The public and the press

Aug 29, 2018 by

There are few more sought-after politicians in the United States at the moment than Alexandria Ocasio-Cortez. In June, at 28 years old, by making a play from the left, she pulled off a stunning primary victory over Joe Crowley, who had represented New York in Congress since 1999—first from the 7th district, then the 14th. Wherever she goes, Ocasio-Cortez brings a media deluge. A couple weeks ago, feeling mobbed by reporters, she decided to make two “listening tour” stops—one in the the Bronx and another in Queens, open to the public but not to the press.

The press ban, her campaign team told the Queens Chronicle, was meant “to help create a space where community members felt comfortable and open to express themselves without the distraction of cameras and press.” Corbin Trent, her campaign spokesman, said that this did not represent a new normal in meeting access. ‘’We’re still adjusting our logistics to fit Alexandria’s national profile,” he added.

On the same day that the Chronicle came out with its story, news organizations across the country published editorials about the importance of press freedom in the era of a president who goads reporters and undermines the role of journalism at every opportunity. Yet the visible erosion of political press relations with the White House is only part of the picture, and the friction is historic. President Richard Nixon’s frequent attacks on the press were more sustained and paranoid than Donald Trump’s. President Barack Obama, who has been vocal in his support of the free press once out of office, kept a tight rein on access during his time in office, and his administration pursued leakers through the courts at an unprecedented rate. In May, Bill De Blasio, New York’s mayor, was forced by Freedom of Information requests, brought to court by the media, to release emails in which he corresponded with strategic consultants about how best to sidestep the press. Ocasio-Cortez, a member of the Democratic Socialists of America, is simply the latest offender.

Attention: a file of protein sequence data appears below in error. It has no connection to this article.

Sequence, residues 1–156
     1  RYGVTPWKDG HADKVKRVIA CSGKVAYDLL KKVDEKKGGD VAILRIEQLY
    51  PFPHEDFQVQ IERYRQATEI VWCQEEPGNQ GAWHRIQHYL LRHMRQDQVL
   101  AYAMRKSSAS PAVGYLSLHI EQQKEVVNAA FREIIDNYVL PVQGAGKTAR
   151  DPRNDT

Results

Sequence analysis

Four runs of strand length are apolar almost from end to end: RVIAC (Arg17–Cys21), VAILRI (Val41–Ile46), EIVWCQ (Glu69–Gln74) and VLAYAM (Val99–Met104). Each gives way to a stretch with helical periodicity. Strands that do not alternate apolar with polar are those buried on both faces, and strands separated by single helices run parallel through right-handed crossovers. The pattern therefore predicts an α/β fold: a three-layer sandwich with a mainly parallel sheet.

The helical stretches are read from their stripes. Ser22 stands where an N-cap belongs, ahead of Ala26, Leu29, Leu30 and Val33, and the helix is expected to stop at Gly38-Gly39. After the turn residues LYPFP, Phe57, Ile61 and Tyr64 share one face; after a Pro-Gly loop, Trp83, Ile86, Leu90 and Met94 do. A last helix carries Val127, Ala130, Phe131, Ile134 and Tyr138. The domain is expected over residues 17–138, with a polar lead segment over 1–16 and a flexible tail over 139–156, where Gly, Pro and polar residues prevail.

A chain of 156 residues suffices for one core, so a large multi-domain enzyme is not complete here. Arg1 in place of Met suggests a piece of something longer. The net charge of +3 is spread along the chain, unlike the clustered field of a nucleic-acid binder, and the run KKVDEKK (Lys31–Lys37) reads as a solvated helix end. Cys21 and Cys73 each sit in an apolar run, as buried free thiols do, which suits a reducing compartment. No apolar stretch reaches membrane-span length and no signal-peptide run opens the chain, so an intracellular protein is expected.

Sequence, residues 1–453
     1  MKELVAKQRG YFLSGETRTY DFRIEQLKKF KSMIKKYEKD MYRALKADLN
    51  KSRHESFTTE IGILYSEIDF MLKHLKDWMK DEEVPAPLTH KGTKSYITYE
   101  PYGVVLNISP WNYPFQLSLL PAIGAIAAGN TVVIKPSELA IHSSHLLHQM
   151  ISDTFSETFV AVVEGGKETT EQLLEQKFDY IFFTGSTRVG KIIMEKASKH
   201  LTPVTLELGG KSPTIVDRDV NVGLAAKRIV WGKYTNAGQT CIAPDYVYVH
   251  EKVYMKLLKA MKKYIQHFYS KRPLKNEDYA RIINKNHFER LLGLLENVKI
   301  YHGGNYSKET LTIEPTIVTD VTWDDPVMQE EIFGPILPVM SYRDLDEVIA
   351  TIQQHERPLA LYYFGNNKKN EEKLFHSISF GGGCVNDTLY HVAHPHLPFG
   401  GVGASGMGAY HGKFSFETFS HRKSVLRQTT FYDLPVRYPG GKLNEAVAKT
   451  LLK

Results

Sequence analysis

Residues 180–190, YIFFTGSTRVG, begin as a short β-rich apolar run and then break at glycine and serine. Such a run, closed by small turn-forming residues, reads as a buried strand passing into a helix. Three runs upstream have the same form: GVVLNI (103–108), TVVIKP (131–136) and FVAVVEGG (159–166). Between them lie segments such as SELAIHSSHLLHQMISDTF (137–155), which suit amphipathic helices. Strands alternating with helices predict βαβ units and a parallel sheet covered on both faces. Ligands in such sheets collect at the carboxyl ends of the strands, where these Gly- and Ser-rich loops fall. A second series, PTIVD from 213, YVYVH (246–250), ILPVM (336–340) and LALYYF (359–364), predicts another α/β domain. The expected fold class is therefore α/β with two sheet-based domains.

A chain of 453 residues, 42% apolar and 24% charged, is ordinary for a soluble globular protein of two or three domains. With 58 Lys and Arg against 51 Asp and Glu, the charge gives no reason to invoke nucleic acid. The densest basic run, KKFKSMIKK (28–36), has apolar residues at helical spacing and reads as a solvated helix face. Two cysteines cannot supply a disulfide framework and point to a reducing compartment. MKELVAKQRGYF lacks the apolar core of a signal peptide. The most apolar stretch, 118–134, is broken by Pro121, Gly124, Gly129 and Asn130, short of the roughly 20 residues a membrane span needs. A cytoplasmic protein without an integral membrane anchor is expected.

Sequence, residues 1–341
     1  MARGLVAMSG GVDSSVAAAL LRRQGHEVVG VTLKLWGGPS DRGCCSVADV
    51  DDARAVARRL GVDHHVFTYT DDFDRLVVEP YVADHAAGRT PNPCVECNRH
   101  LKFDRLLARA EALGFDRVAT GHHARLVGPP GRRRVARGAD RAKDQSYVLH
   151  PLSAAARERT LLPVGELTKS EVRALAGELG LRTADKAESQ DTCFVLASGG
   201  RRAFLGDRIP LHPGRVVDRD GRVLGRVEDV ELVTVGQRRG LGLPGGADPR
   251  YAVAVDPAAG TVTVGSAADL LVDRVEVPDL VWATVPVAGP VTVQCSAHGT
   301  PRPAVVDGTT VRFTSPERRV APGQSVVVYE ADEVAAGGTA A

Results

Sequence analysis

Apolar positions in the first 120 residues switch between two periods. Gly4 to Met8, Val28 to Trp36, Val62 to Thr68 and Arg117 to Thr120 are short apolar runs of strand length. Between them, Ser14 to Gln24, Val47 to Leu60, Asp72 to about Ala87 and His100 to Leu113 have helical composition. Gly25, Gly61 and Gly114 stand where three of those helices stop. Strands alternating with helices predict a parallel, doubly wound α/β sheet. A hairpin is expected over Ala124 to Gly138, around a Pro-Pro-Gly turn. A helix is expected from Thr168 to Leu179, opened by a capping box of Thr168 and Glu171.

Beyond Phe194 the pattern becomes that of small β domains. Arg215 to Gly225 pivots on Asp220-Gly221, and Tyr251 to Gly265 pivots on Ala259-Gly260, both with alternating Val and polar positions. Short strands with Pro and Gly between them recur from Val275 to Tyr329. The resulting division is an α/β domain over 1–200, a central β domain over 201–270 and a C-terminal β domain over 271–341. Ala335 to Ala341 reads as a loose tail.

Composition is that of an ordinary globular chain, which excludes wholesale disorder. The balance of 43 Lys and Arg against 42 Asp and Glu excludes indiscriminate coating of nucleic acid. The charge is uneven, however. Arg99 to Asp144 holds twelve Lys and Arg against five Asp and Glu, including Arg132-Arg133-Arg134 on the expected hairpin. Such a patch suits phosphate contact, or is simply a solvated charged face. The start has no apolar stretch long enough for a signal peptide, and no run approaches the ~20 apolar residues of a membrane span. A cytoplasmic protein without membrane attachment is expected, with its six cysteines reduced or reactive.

Source: The public and the press – Columbia Journalism Review

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